At Model High School, Berry College senior Olivia Donnelly volunteers with the track team, using that as an avenue for building relationships and, ultimately, for earning the right to be heard. “Young Life has been one of the most rewarding things I’ve done in college, just because it is something so much bigger than yourself,” says the Young Life volunteer leader. Unlike Sweeny and Mahon, her involvement with the organization did not begin until her sophomore year of college, but it was Mahon’s passion for the ministry that captured her heart. “I met Dave Mahon and thought he was the coolest man to ever bless the earth,” Donnelly recalls. She describes her development as a Young Life leader as challenging and life shaping. “I think you think you’re going to walk into a high school and instantly have 50 best friends, and you’re going to be that cool person that they all want to hang out with, but it’s not like that at all,” she says. Because the ministry’s focus is relationships with high school kids, Donnelly pursued opportunities to interact with students, but initially struggled to cultivate meaningful connections. “The first few months of being a Young Life leader, I cried more than I smiled,” she says. “I could not make friends easily. All the insecurities that you have in high school just come flooding back” So Donnelly, who ran track in high school, boldly approached the track coach to see if she

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could help with practices. “I discovered that if I am kind of good at something, they will listen, and once they listen to you about one thing, they are willing to talk to you about other things,” she says. “Eventually you become friends.” Initially, the student-athletes did not appreciate Donnelly’s instruction, such as her insistence that they “count their steps.” However, her strategy soon resulted in significant time reductions, and as they improved their overall

speed and won more races, she won their hearts. Mahon would like to see Floyd County Young Life expand to other local schools in the upcoming years. “It’s great that we have been able to get to four high schools so quickly, but we want to be there for every kid in the county,” he said. “So Pepperell and Coosa are what’s next. We want to be there soon.” Because the organization depends on the generosity of local families, the willingness of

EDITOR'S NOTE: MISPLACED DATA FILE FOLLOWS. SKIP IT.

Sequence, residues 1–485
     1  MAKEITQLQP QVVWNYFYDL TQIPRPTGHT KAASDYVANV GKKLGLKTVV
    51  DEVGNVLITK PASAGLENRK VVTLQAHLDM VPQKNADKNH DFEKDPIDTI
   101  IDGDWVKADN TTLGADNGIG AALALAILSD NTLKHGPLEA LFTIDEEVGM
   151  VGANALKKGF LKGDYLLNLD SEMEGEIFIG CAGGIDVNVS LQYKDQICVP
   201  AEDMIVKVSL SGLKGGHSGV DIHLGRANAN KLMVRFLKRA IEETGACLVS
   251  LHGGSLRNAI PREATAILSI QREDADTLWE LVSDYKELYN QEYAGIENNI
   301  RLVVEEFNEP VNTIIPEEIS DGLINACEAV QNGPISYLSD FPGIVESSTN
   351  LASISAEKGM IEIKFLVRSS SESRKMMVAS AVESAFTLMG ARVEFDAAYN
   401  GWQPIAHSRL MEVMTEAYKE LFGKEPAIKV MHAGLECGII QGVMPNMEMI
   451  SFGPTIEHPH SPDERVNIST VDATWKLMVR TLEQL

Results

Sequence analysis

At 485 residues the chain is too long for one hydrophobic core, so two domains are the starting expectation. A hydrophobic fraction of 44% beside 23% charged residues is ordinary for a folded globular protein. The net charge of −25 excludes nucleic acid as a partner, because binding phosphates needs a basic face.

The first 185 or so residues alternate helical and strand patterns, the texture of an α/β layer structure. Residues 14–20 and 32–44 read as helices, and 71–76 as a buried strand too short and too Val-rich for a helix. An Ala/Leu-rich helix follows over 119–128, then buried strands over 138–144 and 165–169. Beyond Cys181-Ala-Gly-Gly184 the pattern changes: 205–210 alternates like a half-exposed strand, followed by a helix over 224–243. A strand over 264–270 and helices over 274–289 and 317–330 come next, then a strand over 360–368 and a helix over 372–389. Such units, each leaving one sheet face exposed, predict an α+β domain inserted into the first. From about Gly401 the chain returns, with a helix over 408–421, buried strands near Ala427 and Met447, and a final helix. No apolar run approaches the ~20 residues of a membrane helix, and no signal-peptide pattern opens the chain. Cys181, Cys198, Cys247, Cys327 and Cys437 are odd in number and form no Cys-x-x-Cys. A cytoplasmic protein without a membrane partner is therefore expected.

college students, and the welcome of school administrators, the mission of reaching every student is a gradual endeavor, but worthwhile in the opinion of the volunteers. “I think the thing that I wanted the most in high school was to have a friend older than me who wasn’t an adult – someone who could just be there for the stupid decisions,” explains Donnelly. “And I thought, I could be that person. I could make a difference.” Sweeny adds, “We say that our desire is to reach every kid, and that every kid would know that they are unique and special and chosen, and that we would be the people who step outside of their high school value system to show them that every life is valuable.” This passion propels Young Life as they minister to the youth of Floyd County. Using the “it takes a village” philosophy, the supporters and volunteers are partnering with others in our community to raise up the next generation. Whether it be through morning meetings with chicken biscuits, afternoon coffee runs, or evenings at high school events, Young Life leaders invest hours because their sacrifice of time leads to life-changing friendships.

To learn more about the ministry and how to participate, visit FloydCounty. YoungLife.org. 38

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Gordon Hospital was honored with an “A” grade in the Hospital Safety Score, which rates how well hospitals protect patients from errors, injuries, and infections. The Hospital Safety Score is compiled under the guidance of the nation’s leading experts on patient safety and is administered by The Leapfrog Group (Leapfrog), an independent industry watchdog. More than 2,500 U.S. general hospitals were assigned scores in the latest ratings with about 31-percent receiving an “A” grade. We are proud to be part of this 31-percent and of the work that our physicians and staff do daily for our patients and their families.

A Fall 2014

HOSPITAL SAFETY SCORE SM

www.gordonhospital.com